Although this disease is best known as being responsible for the Irish potato famine in the 1840's we have to go back 3.5 centuries to look at a some of the history of the potato.

Before 1500, the potato was unknown except in a few regions of Central and South America, where its native habitat was in mountainous regions. It was cultivated by the Incas in the Andes Mountains and served as a main food staple. There were (and still are) many varieties, none of which resemble the modern Irish potato. The other varieties are not just big bags of starch, but are smaller and very tasty.

Spanish seamen carried the potato to Europe, where it was a curiosity in private horticultural gardens for two centuries. It was not often eaten because gardeners knew it was in the same family (Solanaceae) as deadly nightshade. In fact all parts of the potato plants, except the tubers, are poisonous to people. The tubers may become poisonous on exposure to light when they begin to turn green. Sometime after 1800, Europeans found the potato tuber (really an underground stem anatomically) was edible, and it was quickly adapted as a staple crop-the climate and soil in Europe was similar to that of the Andes and thus ideal for cultivation. The potato was especially attractive to Irish peasants. Why should this be so?

Most of the land in Ireland was owned as large estates by absentee English landlords, who made long-term leases to English middlemen. They, in turn, subdivided the estates into small parcels and rented them at high rates to Irish tenants (often to the same people whose families had historically owned the land). Although the Irish peasants were poor, they could pay the high rent in the form of produce, grains, and sometimes pigs. Thus the main problem for tenants was to have a crop to sustain the family for almost a year while growing conditions were adverse. The potato provided the perfect solution. It gave a good yield and satisfied their hunger-- because of its bulk, stomachs were distended from 8-14 pounds (4- 6 kg) of potatoes per person per day!! Think about a 10 pound bag of potatoes; that's a lot of potatoes! This was virtually all the peasants had to eat during the winter months--the average family consumed up to a ton of potatoes per month.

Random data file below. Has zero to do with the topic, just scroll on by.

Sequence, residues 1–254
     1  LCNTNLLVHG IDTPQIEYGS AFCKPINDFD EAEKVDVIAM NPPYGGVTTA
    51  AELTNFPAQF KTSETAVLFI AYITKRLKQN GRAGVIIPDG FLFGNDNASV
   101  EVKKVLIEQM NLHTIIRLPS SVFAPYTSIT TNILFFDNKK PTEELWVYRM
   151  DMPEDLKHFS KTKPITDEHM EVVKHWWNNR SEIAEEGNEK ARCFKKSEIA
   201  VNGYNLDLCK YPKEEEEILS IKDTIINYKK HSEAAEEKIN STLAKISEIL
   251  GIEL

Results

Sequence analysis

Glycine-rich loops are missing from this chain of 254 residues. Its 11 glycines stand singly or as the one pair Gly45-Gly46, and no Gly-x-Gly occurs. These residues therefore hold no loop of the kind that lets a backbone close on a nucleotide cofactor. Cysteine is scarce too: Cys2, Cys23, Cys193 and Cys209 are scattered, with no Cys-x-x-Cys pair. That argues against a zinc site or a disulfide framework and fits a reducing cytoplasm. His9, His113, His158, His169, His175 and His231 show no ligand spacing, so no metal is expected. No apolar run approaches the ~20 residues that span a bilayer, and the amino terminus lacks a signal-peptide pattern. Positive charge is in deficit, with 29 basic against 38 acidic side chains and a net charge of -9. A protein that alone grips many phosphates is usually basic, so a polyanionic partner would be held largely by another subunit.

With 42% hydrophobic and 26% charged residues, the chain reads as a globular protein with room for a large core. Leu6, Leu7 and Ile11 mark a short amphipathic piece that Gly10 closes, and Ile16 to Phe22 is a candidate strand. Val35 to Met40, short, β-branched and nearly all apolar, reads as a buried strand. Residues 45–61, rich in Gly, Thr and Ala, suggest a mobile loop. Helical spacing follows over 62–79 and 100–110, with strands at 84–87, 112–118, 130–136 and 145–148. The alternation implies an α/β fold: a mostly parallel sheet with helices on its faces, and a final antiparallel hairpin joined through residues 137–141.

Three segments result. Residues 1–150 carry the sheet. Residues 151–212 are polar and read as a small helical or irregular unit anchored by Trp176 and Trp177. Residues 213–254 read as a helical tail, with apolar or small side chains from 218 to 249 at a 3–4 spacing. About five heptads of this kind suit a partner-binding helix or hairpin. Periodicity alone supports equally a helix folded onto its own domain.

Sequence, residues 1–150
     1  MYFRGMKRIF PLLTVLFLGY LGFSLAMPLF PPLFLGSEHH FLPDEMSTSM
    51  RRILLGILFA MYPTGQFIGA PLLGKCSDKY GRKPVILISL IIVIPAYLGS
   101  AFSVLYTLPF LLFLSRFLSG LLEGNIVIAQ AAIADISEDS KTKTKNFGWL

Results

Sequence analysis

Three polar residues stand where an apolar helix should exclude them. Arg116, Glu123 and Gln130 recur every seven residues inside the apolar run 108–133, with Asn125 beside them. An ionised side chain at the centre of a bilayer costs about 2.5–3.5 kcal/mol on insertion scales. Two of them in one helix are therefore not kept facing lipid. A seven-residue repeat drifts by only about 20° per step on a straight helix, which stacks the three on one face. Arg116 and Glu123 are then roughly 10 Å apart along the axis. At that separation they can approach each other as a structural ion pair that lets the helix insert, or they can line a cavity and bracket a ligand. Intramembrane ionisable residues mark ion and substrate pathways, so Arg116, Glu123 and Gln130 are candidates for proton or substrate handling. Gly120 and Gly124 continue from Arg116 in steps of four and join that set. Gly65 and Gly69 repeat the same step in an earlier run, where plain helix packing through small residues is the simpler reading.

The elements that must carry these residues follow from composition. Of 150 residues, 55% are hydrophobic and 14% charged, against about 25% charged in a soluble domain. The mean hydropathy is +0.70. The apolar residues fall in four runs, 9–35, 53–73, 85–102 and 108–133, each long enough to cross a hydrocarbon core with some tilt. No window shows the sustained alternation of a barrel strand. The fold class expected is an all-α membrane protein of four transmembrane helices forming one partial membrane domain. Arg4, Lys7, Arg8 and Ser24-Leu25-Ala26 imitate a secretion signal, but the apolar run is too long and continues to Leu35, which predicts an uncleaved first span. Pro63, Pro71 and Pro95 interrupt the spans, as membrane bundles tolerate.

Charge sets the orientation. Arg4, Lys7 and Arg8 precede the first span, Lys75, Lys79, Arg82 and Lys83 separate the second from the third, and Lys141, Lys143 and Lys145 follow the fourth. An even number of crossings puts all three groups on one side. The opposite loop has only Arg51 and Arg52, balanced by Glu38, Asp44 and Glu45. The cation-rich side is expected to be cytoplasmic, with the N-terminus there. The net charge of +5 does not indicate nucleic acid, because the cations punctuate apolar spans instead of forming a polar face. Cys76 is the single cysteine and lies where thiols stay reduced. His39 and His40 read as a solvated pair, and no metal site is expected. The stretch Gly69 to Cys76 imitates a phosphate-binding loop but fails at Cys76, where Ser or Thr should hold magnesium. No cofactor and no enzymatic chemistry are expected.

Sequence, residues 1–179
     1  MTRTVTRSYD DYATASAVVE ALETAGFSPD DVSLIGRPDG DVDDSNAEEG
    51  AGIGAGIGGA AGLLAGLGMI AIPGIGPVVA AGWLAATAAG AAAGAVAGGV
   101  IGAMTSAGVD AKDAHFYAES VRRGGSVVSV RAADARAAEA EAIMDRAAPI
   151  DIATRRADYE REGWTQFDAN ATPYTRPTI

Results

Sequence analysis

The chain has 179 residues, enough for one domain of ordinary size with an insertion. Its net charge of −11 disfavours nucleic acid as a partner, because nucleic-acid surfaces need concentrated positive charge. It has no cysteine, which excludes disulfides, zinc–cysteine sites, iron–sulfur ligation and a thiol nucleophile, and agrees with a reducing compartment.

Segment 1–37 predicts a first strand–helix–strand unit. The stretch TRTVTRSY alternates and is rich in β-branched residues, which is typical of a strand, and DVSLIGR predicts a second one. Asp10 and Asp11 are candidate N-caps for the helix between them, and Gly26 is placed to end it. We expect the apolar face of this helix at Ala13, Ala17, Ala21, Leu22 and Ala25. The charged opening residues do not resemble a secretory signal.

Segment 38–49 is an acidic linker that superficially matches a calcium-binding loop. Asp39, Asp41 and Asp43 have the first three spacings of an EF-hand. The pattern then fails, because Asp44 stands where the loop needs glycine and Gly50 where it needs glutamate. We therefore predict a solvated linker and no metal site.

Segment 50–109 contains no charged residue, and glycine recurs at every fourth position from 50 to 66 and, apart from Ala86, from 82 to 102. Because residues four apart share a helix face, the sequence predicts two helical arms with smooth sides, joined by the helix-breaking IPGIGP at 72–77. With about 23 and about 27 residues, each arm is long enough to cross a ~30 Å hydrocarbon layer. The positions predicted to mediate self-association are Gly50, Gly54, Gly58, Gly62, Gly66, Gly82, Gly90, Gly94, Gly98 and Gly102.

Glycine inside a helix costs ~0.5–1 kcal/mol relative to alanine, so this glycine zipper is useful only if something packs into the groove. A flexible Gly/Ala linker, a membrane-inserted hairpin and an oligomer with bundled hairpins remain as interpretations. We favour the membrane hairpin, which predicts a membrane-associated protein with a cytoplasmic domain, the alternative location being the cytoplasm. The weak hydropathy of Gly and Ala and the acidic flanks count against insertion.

The potato did well for the Irish, for the population of Ireland exploded from 4.5 million in 1800 to about 8 million in 1845. This is particularly amazing because most of the population was dependent on the potato for their nutrition for 10 months of the year. But then came the late blight of potato.

infected potato leafPeople noticed localized outbreaks of the disease during the early 1800's, although they didn't know the cause. There was always a background level of the disease, but it didn't become a problem until 1845. An ominous warning appeared in the Gardener's Chronicle and Agricultural Gazette: "A fatal malady has broken out amongst the potato crop. On all sides we hear of destruction. In Belgium the fields are said to have been completely desolated." The disease struck down plants like a hard frost in summer. It was said to spread faster than cholera does in humans. It reduced the foliage to a putrid mass in a few days, and the tubers were affected to various degrees in a similar way, although they did not rot as rapidly.

One amateur mycologist, the Rev. M.J. Berkeley, noticed the mycelium on the leaves and proposed that it was a fungal disease. This was not widely accepted-- scientific thinking at the time dictated that a fungus couldn't be the cause of a disease, so it must be a secondary invader. Of course Rev. Berkeley was right.

In September 1845, the journal announced that the disease had become established in Ireland. The weather was unusually cool and wet that year allowing easy distribution of the zoospores of the pathogen. With the tremendous destruction it wrought, famine was inevitable, and (according to some sources) the English realized this. To stave off starvation, they considered importing cereal grains such as wheat, barley, and corn, but at the time the English had Corn Laws (for those of you on this side of the pond, grains in England were called corn, while what we call corn here is called maize in Britain). The Corn Laws imposed a high tariff on imported grains, but not corn (maize), so they couldn't import enough wheat or barley to sell cheaply to the peasants.